Now your keywords are expanding

dogs/ canines

mental health/ anxiety /depression

college students/ university students

As you did your background research, and as you learn more about your topic, you may notice that scholars are using different keywords or subjects in their research. Scholars often use specialized language when talking about their research. When you find a relevant article, look at the keywords or subject terms the authors have identified. You can find these terms by clicking on the title of the article:

It looks like “mental health of students” might be a good one to try that we didn’t even consider.  There are other terms here that might be really helpful as well. Add these to your list of keywords to draw from when you revise your search. 

Remember, a keyword is only helpful if it is used by the people writing the articles, and your goal is to try and find the same words that the researchers or scholars are using. Only with those keywords will you be able to find the articles best suited to your topic. This is what makes database searching challenging, but also fun. Sometimes you have to do some detective work to find the right words. If this is not your thing, you can always ask a librarian for help. 


Boolean Logic and Operators

Boolean logic is a simple logic (think math but with words) that tells the databases how to search with the keywords you provide. The database uses a series of operators, also known as Boolean operators for searching: AND, OR, and NOT. Boolean operators are important because they combine your search words together to either narrow or broaden your results, helping you find what you are looking for.

Example: information literacy (title) AND Armstrong (author) AND 2018 (year)

Using AND

Use AND in a search to:

  • narrow your results

  • tell the databases that ALL the keywords you combine with AND must be present in the results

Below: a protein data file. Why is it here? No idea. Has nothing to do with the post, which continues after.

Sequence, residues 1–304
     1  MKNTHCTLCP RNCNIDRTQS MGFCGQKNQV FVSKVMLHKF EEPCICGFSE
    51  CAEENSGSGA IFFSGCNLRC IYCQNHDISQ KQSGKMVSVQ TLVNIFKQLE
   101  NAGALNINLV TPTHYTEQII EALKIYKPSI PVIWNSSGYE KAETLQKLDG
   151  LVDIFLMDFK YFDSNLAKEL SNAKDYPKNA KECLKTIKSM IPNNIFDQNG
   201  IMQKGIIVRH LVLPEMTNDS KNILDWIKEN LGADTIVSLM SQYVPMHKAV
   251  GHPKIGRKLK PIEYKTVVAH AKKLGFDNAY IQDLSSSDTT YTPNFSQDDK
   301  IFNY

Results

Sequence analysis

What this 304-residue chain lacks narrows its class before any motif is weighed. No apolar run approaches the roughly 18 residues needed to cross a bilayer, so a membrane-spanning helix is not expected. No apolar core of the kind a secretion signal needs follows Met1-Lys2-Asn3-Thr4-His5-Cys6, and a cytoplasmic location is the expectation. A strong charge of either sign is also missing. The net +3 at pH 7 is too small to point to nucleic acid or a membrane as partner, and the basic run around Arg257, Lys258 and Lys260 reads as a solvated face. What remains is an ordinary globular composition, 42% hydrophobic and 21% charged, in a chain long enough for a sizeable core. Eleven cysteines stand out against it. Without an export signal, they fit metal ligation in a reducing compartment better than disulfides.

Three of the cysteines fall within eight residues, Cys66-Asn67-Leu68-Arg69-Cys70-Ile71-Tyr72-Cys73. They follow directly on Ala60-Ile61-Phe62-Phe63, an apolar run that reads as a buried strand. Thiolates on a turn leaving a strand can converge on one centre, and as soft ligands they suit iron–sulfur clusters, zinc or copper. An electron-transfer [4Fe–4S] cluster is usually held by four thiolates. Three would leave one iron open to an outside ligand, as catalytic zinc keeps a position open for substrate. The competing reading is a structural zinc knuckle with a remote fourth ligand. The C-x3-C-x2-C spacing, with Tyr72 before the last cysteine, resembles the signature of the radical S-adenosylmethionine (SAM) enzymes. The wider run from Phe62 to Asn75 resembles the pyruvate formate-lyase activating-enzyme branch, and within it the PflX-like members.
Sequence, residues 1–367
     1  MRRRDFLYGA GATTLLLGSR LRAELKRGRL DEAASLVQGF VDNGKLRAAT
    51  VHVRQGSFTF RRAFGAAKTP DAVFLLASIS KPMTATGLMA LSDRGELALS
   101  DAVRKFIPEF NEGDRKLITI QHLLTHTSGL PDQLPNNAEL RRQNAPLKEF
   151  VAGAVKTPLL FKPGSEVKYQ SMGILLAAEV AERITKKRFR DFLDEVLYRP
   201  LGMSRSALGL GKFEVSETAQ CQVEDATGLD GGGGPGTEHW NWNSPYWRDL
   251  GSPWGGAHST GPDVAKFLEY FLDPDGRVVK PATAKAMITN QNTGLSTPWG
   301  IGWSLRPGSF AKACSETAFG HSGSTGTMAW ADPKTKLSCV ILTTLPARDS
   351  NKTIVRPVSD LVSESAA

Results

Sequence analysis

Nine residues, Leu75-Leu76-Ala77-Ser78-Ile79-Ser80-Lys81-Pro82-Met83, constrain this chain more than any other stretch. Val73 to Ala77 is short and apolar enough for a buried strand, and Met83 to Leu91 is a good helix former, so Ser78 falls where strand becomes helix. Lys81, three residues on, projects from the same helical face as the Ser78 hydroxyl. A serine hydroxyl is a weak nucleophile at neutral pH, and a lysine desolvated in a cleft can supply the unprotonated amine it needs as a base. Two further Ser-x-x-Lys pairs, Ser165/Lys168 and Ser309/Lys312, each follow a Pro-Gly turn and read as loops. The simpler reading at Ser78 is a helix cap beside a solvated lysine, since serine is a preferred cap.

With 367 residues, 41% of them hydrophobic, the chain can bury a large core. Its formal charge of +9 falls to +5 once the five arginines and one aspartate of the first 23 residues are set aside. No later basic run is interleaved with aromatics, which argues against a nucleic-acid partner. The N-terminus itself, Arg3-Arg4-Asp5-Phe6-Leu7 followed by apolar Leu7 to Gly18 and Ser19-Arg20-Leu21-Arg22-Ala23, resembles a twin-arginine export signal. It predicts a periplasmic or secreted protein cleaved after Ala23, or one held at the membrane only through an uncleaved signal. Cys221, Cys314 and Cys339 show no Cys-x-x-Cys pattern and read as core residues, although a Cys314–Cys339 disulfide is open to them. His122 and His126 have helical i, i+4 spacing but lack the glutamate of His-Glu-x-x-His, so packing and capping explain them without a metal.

• example: "gun control" AND laws AND "United States"

The middle section of the Venn diagram below represents the results set for this search. This search asks the database to find sources that have all three keywords in it. Using AND to combine keywords results in a smaller result because there are only a limited number of sources that have all three keywords. 

Pro Tip:  Google automatically puts AND between search terms, so you do not have to do it yourself. However, sometimes this combines keywords in unintended ways. 

For example, our search above may be translated to gun AND control AND laws AND united AND states. The words could appear individually in any of the resulting articles, not necessarily together.

To compensate for this, it is helpful to use quotation marks around phrases to keep words together and in the order you want them to appear.

Example: “gun control” AND laws AND “United States”

Using OR

Use OR in a search to:

  • connect two or more synonyms (or similar words)

  • tell the database that ANY of your keywords that are combined with OR can be present in the search results

  • example: vegan OR vegetarian OR plant-based

All three circles represent the results for this search. It’s a big set because any of the keywords may appear somewhere in the results using the OR operator, even if they are not relevant to our topic. 

ProTip: You must enclose the words to be "ORed" together in parentheses.

Example: microbiome AND (vegan OR vegetarian OR plant-based). If you don’t use parentheses around the OR statement you will get many, many irrelevant results. 

Using NOT

Use NOT in a search to: 

  • exclude words

  • tell the database to ignore certain keywords that may be implied by your search terms, narrowing your searcH

  • example: bears NOT football

The Venn diagram below shows the results for this search. All of the results about bears are included EXCEPT ones that include the word football. 

Warning: Be very careful when using NOT. You may miss out on relevant information because your source may mention the term you want to exclude only in passing (e.g. grizzly bears hanging out on football fields). It is especially tricky when NOT is combined with other Boolean operators.